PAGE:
SINGAPORE: Oil prices eased in Asia on Monday but analysts said losses were tempered by supply concerns in the crude-rich Middle East after Saudi-led warplanes struck rebel targets in Yemen.
US benchmark West Texas Intermediate for May delivery fell 71 cents to $48.16 and Brent crude for May eased 35 cents to $56.06 in late-morning trade.
“There is a big fear that the deteriorating conflict in Yemen could see a disruptional flow in the supply of oil in the gulf region,” Nicholas Teo, market analyst at CMC Markets in Singapore, told Agence France-Presse.
“At the moment the price of oil is falling, but there could be a reversal in trend if the situation persists,” Teo added.
Jets bombed Yemen’s main international airport and a renegade troop base in the capital Sanaa Sunday.
The raids came just hours after United Nations workers were evacuated following deadly fighting that has sent tensions soaring between Tehran and other Middle East powers.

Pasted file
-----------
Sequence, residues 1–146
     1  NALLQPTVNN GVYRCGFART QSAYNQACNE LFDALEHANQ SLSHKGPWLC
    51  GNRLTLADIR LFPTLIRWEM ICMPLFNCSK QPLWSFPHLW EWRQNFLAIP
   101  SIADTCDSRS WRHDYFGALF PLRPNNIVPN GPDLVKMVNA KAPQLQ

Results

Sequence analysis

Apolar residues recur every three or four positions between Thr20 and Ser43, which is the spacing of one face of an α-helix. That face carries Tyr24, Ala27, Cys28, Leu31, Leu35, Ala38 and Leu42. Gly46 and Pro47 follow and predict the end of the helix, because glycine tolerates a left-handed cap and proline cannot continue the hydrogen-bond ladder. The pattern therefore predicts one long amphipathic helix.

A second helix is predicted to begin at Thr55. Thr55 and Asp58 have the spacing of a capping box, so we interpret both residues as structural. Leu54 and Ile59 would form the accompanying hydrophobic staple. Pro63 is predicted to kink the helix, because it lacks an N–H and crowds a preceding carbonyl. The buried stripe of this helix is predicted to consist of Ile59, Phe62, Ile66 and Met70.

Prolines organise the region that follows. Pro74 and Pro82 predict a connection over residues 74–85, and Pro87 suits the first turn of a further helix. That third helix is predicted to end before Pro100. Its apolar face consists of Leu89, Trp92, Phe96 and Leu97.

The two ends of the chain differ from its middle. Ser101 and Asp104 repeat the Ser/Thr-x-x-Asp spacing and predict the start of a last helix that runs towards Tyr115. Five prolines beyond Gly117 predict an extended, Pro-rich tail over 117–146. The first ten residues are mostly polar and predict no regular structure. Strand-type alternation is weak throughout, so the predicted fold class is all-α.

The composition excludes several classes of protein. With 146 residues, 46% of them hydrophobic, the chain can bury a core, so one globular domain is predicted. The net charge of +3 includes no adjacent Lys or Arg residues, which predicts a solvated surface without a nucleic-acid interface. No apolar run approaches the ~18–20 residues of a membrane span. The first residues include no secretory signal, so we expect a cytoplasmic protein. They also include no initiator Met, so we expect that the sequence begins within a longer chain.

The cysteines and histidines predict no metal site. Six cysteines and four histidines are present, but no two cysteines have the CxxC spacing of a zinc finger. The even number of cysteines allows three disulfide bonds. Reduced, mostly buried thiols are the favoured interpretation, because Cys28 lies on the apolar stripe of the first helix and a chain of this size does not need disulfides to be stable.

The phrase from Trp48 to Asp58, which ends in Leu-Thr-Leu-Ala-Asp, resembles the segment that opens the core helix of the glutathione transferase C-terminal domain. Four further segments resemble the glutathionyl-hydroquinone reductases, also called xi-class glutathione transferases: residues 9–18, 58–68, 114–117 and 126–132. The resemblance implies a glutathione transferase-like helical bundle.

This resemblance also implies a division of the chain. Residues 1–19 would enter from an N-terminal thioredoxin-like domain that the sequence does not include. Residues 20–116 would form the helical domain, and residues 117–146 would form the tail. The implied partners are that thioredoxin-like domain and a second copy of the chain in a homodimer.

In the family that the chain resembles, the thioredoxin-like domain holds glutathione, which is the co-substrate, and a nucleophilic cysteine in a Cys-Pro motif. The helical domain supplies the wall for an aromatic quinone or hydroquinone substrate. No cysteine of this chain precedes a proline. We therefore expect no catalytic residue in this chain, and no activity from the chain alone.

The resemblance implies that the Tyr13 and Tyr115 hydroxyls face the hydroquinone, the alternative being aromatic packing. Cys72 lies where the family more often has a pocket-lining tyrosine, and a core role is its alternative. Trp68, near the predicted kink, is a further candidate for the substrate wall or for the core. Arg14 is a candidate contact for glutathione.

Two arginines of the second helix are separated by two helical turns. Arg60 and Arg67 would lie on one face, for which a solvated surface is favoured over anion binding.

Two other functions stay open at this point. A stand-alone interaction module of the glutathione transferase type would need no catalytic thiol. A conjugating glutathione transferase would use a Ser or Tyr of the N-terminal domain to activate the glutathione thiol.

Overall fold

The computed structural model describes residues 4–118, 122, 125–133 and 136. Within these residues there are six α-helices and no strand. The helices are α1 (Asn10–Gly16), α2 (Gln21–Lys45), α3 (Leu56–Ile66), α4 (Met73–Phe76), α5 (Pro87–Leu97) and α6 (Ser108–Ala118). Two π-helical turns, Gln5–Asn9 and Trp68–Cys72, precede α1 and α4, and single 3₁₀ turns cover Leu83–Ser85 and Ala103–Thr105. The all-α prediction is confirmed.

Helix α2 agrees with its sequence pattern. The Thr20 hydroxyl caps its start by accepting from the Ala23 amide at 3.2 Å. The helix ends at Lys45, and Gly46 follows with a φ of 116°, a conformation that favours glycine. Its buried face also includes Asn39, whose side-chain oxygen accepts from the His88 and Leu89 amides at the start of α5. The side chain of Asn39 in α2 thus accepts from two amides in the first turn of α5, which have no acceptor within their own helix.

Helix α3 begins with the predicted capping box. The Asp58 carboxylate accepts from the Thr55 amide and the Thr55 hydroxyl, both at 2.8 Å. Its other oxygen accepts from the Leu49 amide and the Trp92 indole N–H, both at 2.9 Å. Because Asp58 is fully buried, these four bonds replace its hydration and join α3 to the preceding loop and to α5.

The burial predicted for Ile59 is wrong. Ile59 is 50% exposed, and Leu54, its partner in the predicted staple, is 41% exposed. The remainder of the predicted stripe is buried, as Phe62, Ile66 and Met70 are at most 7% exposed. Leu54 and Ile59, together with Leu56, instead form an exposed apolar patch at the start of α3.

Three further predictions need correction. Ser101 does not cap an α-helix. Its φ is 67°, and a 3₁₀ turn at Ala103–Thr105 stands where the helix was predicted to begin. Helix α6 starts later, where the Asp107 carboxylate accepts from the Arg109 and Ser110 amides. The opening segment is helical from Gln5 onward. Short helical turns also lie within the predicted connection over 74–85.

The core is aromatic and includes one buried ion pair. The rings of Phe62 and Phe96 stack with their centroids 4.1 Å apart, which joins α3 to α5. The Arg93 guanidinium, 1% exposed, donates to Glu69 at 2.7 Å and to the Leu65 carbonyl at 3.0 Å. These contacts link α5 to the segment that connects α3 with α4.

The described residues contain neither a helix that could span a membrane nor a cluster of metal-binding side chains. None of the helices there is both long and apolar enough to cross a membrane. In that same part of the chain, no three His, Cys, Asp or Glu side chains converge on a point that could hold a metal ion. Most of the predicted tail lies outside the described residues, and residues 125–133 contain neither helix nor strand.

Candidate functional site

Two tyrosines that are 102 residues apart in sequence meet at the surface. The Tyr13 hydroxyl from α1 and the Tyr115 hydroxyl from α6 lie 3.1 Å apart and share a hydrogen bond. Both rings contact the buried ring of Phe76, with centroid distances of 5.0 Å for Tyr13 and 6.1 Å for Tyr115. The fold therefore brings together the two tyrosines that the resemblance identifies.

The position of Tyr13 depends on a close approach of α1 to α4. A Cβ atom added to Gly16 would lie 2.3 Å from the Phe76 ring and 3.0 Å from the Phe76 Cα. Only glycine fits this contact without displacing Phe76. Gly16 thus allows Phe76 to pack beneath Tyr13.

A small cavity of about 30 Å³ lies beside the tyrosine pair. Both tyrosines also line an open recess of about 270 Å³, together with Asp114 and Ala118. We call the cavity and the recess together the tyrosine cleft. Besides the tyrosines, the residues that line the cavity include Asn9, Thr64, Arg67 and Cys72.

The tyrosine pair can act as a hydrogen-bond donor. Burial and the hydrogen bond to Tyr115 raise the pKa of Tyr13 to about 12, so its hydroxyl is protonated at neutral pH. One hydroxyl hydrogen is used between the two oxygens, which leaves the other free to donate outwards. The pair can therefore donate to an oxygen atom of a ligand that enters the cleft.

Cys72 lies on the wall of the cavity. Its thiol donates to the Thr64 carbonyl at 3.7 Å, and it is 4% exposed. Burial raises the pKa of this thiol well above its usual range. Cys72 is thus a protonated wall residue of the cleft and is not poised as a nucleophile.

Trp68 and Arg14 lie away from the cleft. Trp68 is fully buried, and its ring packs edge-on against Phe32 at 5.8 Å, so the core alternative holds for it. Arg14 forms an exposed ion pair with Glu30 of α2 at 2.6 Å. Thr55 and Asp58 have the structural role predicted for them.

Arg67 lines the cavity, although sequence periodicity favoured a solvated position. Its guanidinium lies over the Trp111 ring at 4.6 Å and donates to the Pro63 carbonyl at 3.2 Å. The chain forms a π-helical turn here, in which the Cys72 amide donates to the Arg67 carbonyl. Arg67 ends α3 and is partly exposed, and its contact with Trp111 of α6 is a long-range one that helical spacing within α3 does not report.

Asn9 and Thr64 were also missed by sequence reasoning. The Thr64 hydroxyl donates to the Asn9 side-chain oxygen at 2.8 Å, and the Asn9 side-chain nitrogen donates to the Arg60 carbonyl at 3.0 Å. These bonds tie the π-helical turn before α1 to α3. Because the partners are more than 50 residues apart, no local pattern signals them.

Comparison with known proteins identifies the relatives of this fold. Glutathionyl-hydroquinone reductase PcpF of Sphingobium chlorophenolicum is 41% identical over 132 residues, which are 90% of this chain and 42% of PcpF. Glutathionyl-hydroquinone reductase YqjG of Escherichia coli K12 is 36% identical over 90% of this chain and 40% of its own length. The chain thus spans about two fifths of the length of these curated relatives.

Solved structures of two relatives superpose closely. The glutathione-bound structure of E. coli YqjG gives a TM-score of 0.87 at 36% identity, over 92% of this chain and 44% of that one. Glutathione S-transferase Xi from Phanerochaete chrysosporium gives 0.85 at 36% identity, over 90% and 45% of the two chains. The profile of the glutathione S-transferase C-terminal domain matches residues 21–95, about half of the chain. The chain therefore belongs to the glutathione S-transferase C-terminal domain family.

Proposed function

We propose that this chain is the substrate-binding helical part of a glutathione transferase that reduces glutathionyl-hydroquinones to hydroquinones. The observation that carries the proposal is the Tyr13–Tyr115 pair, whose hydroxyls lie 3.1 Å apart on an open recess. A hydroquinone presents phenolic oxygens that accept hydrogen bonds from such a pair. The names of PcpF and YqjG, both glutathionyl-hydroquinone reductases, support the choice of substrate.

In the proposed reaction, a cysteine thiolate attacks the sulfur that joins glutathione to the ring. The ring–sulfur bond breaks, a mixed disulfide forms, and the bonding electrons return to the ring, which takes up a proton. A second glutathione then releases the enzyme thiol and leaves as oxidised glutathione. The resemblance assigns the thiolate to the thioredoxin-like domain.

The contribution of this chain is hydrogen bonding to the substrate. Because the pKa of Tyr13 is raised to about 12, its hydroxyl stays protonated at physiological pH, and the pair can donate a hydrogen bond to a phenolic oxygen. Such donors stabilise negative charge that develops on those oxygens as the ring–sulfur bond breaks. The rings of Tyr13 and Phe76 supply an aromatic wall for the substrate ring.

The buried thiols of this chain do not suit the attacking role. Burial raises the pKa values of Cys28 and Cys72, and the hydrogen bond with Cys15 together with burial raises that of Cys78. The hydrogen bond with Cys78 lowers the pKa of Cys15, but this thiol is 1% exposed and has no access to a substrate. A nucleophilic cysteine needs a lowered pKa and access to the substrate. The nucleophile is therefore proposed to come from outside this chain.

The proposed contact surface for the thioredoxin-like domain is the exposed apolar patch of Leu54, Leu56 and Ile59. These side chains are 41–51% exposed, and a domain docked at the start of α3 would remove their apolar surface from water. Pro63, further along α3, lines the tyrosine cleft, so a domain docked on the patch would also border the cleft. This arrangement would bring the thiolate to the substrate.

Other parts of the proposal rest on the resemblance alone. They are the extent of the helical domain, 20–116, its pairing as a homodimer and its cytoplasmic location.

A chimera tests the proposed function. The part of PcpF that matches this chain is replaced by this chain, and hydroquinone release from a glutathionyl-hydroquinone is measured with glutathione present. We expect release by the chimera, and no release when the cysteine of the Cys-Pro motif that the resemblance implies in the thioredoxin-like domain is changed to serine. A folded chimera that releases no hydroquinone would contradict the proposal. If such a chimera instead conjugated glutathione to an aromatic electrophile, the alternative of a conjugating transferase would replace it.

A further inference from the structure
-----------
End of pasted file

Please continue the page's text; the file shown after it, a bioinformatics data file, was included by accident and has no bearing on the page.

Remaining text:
India and Pakistan also moved to airlift their citizens from the country.
Yemen is a small oil producer that sits along the Bab al-Mandab Strait, through which about 3.8 million barrels of oil per day are transported.
The country has been gripped by turmoil since the Shiite rebels launched a power takeover in Sanaa in February.
Singapore-based Phillip Futures said in a commentary that Yemen is “an international shipping chokepoint and thus, we are concerned over trade disruptions in the region.”
“Seeing as the rebels have yet to react to the airstrikes, the conflict could go either way,” it said.
It said the main focus for dealers this week will be the US non-farm payrolls data Friday, with dealers seeking clues on whether the US economy is healthy enough for the Federal Reserve to hike interest rates later in the year as scheduled.